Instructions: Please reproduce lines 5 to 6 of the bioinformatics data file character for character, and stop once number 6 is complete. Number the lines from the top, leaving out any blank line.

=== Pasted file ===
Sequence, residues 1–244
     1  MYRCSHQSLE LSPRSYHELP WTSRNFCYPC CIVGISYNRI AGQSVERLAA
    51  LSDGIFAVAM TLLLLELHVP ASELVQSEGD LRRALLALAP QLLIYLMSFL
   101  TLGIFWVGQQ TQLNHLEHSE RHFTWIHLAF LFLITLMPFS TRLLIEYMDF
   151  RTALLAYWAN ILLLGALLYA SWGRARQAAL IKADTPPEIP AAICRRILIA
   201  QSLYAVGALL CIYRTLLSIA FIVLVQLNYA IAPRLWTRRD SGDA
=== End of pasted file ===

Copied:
   151  RTALLAYWAN ILLLGALLYA SWGRARQAAL IKADTPPEIP AAICRRILIA
   201  QSLYAVGALL CIYRTLLSIA FIVLVQLNYA IAPRLWTRRD SGDA